"America is a mistake, admittedly a gigantic mistake, but a mistake nevertheless."
-- Attributed to Sigmund Freud in The Life and Work of Sigmund Freud: Years of Maturity, 1901-1919 by Ernest Jones (1957)
In celebration of July 4th, I think it's only proper to note this Vox.com article by Dylan Matthews (link embedded) along with the famous Emanuel Leutze picture accompanying it: 3 reasons the American Revolution was a mistake.
Let me post the intro paragraphs since they succinctly sum up the piece:
American independence in 1776 was a monumental mistake. We should be mourning the fact that we left the United Kingdom, not cheering it.
Of course, evaluating the wisdom of the American Revolution means dealing with counterfactuals. As any historian would tell you, this is messy business. We obviously can't be entirely sure how America would have fared if it had stayed in the British Empire longer, perhaps gaining independence a century or so later, along with Canada.
But I'm reasonably confident a world where the revolution never happened would be better than the one we live in now, for three main reasons: slavery would've been abolished earlier, American Indians would've faced rampant persecution but not the outright ethnic cleansing Andrew Jackson and other American leaders perpetrated, and America would have a parliamentary system of government that makes policymaking easier and lessens the risk of democratic collapse.
Of course, we don't know if World War II and Nazism would have happened -- eradicating the world of that evil perhaps was the best thing the United States ever did (or ever will do). But these are unknowable counterfactuals.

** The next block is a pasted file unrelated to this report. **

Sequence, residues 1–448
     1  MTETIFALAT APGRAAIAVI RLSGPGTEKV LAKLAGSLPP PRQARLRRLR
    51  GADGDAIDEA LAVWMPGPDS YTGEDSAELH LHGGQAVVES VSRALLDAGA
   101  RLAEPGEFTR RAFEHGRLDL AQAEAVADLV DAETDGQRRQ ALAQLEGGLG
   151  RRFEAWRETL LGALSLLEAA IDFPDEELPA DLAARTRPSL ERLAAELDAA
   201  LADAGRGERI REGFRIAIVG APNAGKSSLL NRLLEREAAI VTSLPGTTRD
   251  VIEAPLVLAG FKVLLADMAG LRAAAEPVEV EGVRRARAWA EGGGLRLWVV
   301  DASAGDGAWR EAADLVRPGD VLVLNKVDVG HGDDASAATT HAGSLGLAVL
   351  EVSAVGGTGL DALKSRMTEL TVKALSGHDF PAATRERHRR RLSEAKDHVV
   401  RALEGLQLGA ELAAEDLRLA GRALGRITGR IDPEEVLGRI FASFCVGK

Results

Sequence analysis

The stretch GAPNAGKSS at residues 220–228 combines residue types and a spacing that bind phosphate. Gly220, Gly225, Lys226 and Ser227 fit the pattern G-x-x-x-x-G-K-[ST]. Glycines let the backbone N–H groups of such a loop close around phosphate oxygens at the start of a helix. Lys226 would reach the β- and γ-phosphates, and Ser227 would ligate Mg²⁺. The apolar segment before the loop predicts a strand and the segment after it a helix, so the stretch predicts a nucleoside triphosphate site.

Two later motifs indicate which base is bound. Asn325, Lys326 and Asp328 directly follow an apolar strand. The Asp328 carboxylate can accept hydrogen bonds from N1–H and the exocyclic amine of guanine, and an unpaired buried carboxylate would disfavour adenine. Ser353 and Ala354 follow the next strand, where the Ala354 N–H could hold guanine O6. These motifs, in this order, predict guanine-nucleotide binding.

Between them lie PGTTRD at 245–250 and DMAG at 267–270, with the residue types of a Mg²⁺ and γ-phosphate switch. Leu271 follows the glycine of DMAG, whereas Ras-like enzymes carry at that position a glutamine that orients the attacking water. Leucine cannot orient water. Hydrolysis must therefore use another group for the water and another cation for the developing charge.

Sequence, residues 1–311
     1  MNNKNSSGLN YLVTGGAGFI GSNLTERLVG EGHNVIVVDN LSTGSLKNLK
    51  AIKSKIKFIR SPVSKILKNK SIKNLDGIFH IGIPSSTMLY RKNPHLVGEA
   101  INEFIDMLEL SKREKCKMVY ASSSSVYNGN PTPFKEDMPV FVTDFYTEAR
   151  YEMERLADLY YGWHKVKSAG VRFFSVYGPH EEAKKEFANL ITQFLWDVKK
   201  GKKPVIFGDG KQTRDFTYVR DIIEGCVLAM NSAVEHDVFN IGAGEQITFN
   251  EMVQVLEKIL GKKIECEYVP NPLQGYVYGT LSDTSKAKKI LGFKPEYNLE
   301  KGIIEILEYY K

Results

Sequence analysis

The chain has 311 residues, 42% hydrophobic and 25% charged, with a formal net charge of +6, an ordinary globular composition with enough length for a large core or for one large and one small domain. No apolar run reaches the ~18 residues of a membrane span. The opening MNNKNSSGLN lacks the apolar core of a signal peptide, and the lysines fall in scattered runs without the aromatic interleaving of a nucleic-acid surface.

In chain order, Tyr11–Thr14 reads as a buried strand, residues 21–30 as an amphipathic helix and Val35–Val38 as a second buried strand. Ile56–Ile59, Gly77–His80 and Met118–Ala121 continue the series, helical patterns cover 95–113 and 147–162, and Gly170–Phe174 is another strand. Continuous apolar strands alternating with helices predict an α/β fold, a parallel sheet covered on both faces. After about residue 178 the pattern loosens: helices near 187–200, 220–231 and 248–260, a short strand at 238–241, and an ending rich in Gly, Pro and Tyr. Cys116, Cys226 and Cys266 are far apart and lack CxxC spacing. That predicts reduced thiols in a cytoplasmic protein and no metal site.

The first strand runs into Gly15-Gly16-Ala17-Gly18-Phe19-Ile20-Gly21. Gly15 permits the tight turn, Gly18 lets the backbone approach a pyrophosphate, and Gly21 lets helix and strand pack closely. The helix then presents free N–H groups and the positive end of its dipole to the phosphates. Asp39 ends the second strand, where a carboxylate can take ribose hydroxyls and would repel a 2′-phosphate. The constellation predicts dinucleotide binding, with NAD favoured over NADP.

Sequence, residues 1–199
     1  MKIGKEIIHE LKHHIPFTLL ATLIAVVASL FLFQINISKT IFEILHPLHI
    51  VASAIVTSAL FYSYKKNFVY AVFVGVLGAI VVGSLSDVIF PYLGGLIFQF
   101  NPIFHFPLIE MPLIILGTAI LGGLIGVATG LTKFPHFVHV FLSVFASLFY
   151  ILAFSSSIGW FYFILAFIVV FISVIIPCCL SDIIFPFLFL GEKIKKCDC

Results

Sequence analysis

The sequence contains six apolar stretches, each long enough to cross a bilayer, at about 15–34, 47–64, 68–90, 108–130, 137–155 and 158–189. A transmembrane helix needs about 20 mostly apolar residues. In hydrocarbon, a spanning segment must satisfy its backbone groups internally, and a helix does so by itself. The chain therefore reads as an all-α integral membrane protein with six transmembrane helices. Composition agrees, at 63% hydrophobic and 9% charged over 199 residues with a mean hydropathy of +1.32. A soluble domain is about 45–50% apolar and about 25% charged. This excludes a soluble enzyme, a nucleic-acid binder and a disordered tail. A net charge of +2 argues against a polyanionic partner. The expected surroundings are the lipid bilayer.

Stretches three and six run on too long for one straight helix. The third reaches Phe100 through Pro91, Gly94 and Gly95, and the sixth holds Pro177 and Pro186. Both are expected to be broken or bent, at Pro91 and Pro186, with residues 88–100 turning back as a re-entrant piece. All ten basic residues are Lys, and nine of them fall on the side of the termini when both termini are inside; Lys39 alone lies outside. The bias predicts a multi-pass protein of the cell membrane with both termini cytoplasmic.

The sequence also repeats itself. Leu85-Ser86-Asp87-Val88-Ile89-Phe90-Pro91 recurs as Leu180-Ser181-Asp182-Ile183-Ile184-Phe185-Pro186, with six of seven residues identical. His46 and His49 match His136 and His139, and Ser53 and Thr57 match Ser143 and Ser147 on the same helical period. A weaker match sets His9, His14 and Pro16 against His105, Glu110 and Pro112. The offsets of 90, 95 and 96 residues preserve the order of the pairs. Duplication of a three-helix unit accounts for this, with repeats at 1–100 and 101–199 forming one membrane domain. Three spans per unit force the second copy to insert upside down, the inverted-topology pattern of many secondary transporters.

Since slavery and the African American experience is THE unresolved issue of the larger American experience (well, I'd put the Native American experience in there, too), here is a link to and below is an excerpt of an article on the TalkingPointsMemo.com site of a paragraph on the topic of slavery that Thomas Jefferson drafted for the Declaration of Independence but that didn't make it through what we might call the "committee writing /editing" stage. It also includes Josh Marshall's observations:
For one thing, Jefferson did directly engage with slavery in his initial draft of the Declaration. He did so by turning the practice of slavery into one of his litany of critiques of King George [III]:
He has waged cruel war against human nature itself, violating its most sacred rights of life and liberty in the persons of a distant people who never offended him, captivating and carrying them into slavery in another hemisphere, or to incur miserable death in their transportation hither … And he is now exciting those very people to rise in arms among us, and to purchase that liberty of which he had deprived them, by murdering the people upon whom he also obtruded them: thus paying off former crimes committed against the liberties of one people, with crimes which he urges them to commit against the lives of another.
Like so much in the American founding, these lines are at once progressive and racist, admitting the wrongs of slavery but describing the slaves themselves as "obtruding" upon and threatening the lives of the colonists. Not surprisingly, this complex, contradictory paragraph did not survive the Declaration’s communal revisions, and the final document makes no mention of slavery or African Americans.
This is probably as good a time as any to link to Charles Pierce's wonderful Esquire piece (link embedded): The Blatant Ignorance of Republican Presidential Candidates.
The opening paragraph is worth quoting:
"The symptoms of the prion disease are beginning to become so obvious that even some of our more prominent pundits are beginning to notice them. For example, even former Karl Rove life-coach Ron Fournier has noticed the severe lack of Abraham Lincolns in the current GOP presidential candidates. And noted climate-denialist and baseball drone George Effing Will has staked out the bold position that many of these candidates have gone so far around the bend that they've crossed some kind of termination barrier."
OK, now I'm going to try to post very quickly a jukebox Saturday night entry. I'm really pressed for time today, though.
Oh, yes, HAPPY INDEPENDENCE DAY, AMERICA!